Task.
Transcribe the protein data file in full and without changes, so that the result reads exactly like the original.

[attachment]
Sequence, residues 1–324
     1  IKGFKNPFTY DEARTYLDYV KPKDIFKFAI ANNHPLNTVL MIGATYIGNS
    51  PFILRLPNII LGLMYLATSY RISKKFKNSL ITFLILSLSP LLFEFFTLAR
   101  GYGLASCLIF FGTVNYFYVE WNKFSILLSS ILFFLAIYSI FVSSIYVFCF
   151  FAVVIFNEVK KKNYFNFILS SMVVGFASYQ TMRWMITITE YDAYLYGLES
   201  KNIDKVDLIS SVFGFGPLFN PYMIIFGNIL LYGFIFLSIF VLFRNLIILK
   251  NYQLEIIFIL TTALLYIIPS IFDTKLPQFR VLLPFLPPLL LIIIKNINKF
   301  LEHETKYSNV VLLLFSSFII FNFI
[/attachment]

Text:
Sequence, residues 1–324
     1  IKGFKNPFTY DEARTYLDYV KPKDIFKFAI ANNHPLNTVL MIGATYIGNS
    51  PFILRLPNII LGLMYLATSY RISKKFKNSL ITFLILSLSP LLFEFFTLAR
   101  GYGLASCLIF FGTVNYFYVE WNKFSILLSS ILFFLAIYSI FVSSIYVFCF
   151  FAVVIFNEVK KKNYFNFILS SMVVGFASYQ TMRWMITITE YDAYLYGLES
   201  KNIDKVDLIS SVFGFGPLFN PYMIIFGNIL LYGFIFLSIF VLFRNLIILK
   251  NYQLEIIFIL TTALLYIIPS IFDTKLPQFR VLLPFLPPLL LIIIKNINKF
   301  LEHETKYSNV VLLLFSSFII FNFI